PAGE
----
At the conclusion of each ATF class, typically the week before graduation, Vobora takes the group on a trip that is partially funded through donations. For Wolff’s class, it was skiing in Lake Tahoe. For four days, Wolff, the trainers and the other nine members of his group spent their days on the slopes.
“If you are willing to show your scars, then you are proof that you are moving beyond them, that they don’t define you.”
“Here we were, 10 veterans who had been sitting down not long ago without the ability to stand, and we’re tracking down the snow, like regular people,” Wolff says. “With David, we just keep reaching for higher and higher goals. My ultimate goal is to walk my two daughters down the aisle one day with no crutches. They are 7 and 2, and the one rule I have with them is they aren’t allowed to use the word can’t.”
ATF has now completed 10 classes—that’s 100 lives changed. Aside from those who came from out of state for the class, almost all alumni return for the Friday workout. ATF is planning to move to a state-of-the-art gym soon, with equipment specially designed for the group. Vobora calls his ATF classes his tribe—not his team—for a reason.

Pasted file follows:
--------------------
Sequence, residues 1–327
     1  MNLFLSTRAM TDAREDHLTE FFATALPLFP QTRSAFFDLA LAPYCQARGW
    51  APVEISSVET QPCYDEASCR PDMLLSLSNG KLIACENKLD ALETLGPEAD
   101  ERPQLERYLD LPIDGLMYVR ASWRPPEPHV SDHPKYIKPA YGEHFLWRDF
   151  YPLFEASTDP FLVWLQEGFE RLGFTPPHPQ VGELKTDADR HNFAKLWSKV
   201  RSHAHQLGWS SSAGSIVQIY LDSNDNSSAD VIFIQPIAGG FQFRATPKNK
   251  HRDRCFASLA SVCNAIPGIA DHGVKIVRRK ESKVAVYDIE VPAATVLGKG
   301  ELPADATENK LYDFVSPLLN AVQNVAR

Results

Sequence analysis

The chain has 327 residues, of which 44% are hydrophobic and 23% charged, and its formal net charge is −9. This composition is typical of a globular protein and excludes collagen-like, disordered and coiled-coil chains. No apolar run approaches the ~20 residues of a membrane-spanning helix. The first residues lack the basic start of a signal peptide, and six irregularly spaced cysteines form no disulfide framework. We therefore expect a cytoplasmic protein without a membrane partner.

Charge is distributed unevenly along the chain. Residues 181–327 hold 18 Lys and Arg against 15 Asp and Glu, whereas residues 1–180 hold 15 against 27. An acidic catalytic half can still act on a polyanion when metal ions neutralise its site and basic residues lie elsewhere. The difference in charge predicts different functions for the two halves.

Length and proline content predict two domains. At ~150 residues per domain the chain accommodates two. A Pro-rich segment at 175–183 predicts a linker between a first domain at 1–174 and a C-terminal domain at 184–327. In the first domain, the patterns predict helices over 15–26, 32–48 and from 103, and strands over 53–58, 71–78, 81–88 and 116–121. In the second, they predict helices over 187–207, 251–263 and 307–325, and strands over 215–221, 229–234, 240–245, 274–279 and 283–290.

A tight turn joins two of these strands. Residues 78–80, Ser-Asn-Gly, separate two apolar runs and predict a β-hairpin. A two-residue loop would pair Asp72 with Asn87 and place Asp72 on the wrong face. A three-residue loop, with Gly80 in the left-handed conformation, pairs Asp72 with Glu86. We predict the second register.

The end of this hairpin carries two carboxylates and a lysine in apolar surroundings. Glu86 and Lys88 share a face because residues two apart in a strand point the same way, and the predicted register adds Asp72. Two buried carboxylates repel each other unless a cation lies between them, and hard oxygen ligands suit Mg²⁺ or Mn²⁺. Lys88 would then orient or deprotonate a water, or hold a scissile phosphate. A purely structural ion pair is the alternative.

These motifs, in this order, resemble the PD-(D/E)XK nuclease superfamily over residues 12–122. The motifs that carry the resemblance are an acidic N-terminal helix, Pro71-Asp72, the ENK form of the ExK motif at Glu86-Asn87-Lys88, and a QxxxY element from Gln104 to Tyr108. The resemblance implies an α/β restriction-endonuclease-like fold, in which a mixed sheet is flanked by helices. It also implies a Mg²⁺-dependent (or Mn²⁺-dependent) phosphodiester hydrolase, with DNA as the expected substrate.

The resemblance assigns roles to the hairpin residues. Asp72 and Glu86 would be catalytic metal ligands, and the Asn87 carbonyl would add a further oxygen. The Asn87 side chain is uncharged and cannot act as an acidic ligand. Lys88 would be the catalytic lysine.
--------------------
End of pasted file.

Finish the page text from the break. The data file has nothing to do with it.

“A team is a roster, organizational chart, roles and responsibilities,” Vobora says. “A tribe recognizes the importance in making and empowering people. Within that tribe, the perceivably weakest person—the most impaired person, who couldn’t feed himself, or push his wheelchair up the ramp—can maximize their effort, maximize their ambition and be an intricate part to the sum of the whole tribe.”
Vobora has many mentors, from Starbucks executive chairman Howard Schultz to business executives Ross Perot Jr. and T. Boone Pickens. He’s a natural people person. He has a book, The Hope Dealer, coming out in 2018 and is interested in entering the political arena as an independent in a couple of years.